Even free and open to the public
PennSpectrum Weekend (September 23-25, 2016) brings together students, alumni, faculty and staff for dialogue centered on issues of cultural identity.
We welcome alumni and allies from all backgrounds as well as current Penn undergraduate and graduate students. The conference focuses on issues pertinent to the Black, Latinx, Native, Asian, and LGBTQ alumni and student communities.
The Quechua program at Penn will be co-hosting one of the activities: the Latinx social, on Friday 23th, 9:30PM at Distrito Upstairs (3945 Chestnut St, Philadelphia, PA 19104).
Penn Students can register for Free with the code: Lead100
[Texto en Español abajo]
On September 13th, 2016 we commemorated the 9th anniversary of the UN Declaration of the Rights of Indigenous Peoples. For this important occasion, Américo Mendoza-Mori, Quechua Professor at the University of Pennsylvania, spoke at the United Nations headquarters in New York City. He was also joined by Chandra-Roy Henriksen, Chief of the Secretariat of the UN Permanent Forum on Indigenous Issues, and by Reaghan Tarbell, documentary filmmaker and director.
The event focused on how Indigenous Peoples contribute to urban societies far from their ancestral homes – and the efforts needed to ensure the survival and flourishing of their languages cultures and identities in this new context. In this regards, Mendoza-Mori spoke about his engagement to ensure survival of Quechua through universities in the US, and the relation between language, culture and respect for the Indigenous Peoples. He focused on his experience building up the Quechua language program at Penn, and how this initiative also works as a platform to discuss on the value of Indigenous Peoples’ knowledge, which sometimes is overlooked.
The Quechua initiative at UPenn offers classes, organizes Andean Culture nights, conferences and gatherings to raise awareness on diversity among the Penn community.
Quechua is the most spoken Indigenous Languages in the Americas with about 6-8 million speakers. Most of its speakers live in Peru, Bolivia, and Ecuador, as some areas of Colombia, Chile and Argentina.
El 13 de setiembre conmemoramos el 9no. Aniversario de la Declaracion de los Derechos de los Pueblos Indígenas. Para esta importante ocasión, Américo Mendoza-Mori, profesor de Quechua en la Universidad de Pensilvania, habló en la sede de la Organización de las Naciones Unidas (ONU), en Nueva York. Junto a él estuvieron Chandra-Roy Henriksen, Jefa de la Secretaría de la ONU de asuntos indígenas y Reaghan Tarbell, cineasta.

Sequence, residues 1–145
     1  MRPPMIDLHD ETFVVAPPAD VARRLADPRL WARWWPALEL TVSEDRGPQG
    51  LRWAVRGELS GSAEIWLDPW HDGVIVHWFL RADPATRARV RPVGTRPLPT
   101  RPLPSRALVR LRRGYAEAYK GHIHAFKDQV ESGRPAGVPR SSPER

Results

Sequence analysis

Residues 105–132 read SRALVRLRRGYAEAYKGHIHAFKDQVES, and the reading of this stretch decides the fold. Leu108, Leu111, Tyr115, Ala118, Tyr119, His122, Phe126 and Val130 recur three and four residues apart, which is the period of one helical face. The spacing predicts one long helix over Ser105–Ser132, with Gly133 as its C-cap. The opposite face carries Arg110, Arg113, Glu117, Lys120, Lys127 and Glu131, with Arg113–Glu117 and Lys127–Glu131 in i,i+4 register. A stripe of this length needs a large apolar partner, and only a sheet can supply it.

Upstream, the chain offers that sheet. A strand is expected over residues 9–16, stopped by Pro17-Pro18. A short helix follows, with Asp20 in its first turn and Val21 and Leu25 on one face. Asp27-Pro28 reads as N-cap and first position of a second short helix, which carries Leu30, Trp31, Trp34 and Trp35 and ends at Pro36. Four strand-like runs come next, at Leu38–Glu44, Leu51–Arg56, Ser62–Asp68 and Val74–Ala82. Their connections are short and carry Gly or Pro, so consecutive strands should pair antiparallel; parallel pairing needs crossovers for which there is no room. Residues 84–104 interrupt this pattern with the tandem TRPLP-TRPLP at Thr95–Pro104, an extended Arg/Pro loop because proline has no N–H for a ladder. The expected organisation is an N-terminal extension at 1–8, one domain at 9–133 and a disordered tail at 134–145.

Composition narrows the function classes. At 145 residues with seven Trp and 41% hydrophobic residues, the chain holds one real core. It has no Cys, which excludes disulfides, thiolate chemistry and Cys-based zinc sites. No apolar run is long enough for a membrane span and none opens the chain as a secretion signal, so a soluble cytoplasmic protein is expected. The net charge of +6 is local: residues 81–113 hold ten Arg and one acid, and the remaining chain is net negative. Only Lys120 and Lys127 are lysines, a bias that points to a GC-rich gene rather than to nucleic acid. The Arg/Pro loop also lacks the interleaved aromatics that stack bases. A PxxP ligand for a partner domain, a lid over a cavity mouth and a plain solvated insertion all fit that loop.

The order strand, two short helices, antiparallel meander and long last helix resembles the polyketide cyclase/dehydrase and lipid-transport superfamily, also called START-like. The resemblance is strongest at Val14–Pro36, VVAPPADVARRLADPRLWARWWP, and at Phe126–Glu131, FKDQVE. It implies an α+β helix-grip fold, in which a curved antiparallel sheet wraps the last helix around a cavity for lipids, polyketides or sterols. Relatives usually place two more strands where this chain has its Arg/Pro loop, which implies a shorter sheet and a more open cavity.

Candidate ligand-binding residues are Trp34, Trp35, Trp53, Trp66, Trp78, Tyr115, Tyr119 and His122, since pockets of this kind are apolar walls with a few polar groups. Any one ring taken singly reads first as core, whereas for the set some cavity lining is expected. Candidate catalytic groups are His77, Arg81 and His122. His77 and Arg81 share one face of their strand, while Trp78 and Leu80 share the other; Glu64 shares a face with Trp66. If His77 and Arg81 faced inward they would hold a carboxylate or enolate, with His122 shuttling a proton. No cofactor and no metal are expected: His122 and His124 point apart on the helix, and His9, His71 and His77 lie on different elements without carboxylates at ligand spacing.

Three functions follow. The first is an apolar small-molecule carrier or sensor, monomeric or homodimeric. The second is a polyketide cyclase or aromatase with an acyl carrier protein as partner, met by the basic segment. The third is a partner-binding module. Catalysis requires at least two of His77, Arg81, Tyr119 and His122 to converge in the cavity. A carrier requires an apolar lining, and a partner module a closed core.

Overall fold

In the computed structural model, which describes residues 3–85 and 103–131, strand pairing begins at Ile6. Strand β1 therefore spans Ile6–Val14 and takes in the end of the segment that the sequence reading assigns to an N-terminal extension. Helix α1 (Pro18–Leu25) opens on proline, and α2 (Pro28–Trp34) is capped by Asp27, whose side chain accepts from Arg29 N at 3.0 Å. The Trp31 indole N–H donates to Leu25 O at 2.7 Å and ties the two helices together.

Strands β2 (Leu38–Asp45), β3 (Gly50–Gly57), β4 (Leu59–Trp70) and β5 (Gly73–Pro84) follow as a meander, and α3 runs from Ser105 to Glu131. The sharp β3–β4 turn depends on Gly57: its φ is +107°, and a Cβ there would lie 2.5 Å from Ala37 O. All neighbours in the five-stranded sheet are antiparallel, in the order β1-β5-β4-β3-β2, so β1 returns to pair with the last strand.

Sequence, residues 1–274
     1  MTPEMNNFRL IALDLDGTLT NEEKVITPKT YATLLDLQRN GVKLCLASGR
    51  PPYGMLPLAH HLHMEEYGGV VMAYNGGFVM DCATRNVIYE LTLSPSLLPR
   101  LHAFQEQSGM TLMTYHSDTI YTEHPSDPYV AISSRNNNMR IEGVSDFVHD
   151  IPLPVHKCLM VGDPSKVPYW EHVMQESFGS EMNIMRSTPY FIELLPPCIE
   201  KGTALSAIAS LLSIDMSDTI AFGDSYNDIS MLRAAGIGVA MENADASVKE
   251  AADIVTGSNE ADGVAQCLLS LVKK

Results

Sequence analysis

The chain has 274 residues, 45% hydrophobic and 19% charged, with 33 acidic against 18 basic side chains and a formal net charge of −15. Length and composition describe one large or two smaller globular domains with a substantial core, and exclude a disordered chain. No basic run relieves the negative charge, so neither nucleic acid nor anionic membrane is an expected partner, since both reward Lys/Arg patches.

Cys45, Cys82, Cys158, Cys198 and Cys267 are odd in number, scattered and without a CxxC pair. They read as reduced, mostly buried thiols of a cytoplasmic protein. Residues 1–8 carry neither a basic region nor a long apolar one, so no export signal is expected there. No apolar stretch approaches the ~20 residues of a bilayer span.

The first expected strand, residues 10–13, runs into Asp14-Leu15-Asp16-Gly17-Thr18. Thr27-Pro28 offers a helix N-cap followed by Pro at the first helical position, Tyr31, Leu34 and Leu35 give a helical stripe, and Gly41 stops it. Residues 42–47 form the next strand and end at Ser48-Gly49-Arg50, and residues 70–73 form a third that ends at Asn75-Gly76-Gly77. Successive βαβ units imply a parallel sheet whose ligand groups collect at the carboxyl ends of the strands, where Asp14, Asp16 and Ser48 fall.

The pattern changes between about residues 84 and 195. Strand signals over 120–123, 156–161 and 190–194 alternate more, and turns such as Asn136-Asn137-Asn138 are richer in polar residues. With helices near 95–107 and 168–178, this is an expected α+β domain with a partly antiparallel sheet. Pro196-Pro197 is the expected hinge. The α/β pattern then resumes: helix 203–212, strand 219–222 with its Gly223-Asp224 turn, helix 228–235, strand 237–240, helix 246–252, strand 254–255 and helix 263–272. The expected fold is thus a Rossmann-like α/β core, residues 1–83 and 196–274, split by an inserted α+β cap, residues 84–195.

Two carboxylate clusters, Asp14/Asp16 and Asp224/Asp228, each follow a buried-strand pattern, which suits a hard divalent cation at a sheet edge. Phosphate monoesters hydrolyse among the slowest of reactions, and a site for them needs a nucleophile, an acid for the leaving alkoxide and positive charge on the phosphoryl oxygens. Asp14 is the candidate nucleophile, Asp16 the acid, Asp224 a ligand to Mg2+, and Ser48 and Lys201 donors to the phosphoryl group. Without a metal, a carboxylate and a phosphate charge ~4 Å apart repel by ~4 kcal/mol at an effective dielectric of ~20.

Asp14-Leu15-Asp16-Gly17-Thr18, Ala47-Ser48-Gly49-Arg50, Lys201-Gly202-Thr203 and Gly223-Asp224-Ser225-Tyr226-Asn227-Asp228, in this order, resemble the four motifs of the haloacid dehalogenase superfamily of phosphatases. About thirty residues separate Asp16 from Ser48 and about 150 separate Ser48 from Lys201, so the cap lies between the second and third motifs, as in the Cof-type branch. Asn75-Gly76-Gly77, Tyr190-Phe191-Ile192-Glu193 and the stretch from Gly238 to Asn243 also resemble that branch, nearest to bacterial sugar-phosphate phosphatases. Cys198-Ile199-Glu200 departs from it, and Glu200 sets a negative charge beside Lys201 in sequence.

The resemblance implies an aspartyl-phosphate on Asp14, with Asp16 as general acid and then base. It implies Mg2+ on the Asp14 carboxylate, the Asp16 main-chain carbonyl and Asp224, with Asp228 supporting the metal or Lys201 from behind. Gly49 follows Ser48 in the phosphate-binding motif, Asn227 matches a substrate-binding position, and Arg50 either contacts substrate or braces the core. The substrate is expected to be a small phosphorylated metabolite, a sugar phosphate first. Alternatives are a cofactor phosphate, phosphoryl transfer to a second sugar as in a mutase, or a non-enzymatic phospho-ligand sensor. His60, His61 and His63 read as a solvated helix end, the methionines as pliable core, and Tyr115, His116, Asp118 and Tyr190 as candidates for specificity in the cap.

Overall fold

El evento se enfocó en cómo los pueblos originarios contribuyen a las sociedades urbanas, lejos de sus regiones ancestrales, y los esfuerzos por asegurar la difusión de sus culturas y lenguas en estos nuevos contextos. En ese sentido, Mendoza-Mori, habló de su trabajo con la promoción del Quechua en universidades de Estados Unidos, y la relación entre lengua, cultura y respeto por los pueblos indígenas. Habló también de su experiencia trabajando en el programa de Quechua de UPenn y cómo esta iniciativa también opera como una plataforma para discutir el valor de los saberes de los pueblos indígenas, los cuales a veces son menospreciados.
La iniciativa Quechua en UPenn ofrece clases, organiza noches de cultura andina, congresos y encuentro que buscan celebrar la diversidad entre la comunidad universitaria de Penn.
Quechua es la lengua indígena más hablada en las Américas, con 6 a 8 millones de hablantes. La mayoría de sus hablantes viven en Perú, Bolivia, y Ecuador, así como también en algunas zonas de Colombia, Chile y Argentina.
Celebrating the 9th anniversary of the UN Declaration of the Rights of Indigenous Peoples
Speakers (left to right):
Reaghan Tarbell, documentary film maker and director Américo Mendoza-Mori; Professor at University of Pennsylvania
and founder of Quechua language program
Chandra-Roy Henriksen, Chief of the Secretariat of the UN Permanent Forum on Indigenous Issues]
photo credit: UN/Rick Bajornas
Quechua Student Alliance Meeting 2016
November 5th, 2016 (Philadelphia)
This event aims to promote an exchange of ideas between college students and professors who share an interest and passion for Quechua language and Andean culture. We are working towards creating a space for students to become dynamic leaders in the academic context where there is an increasing interest in Indigenous languages and cultures of the Americas.
We want to foster the relations needed to build a strong network and community of Quechua students at the university level. The Quechua Student Alliance Meeting will have the format of a one-day gathering with cultural activities, lectures, games, debates and dialogue.
Quechua is the most spoken Indigenous language in the Americas with 6-8 million speakers, mostly in Peru, Bolivia and Ecuador, and some regions of Colombia, Chile, and Argentina. We believe that languages are not just communication tools but knowledge keepers. Therefore, through Quechua we celebrate the cultures and knowledges of the Andes.
In 2015 we celebrated the first edition, which was the first of its type in the United States. About 40 people from Massachussets, New York, New Jersey, Virginia, Washington DC, Illinois, Pennsylvania, and Ohio participated. Remezcla, a latinX news website, posted a story about last year’s gathering.
We are very excited to organize the second edition of this gathering in Philadelphia, at the University of Pennsylvania (UPenn).
The Quechua program at Penn is promoting this meeting in collaboration with the UMass – Amherst, Spanish and Portuguese Program.
Join us! Please register by October 23rd, 2016.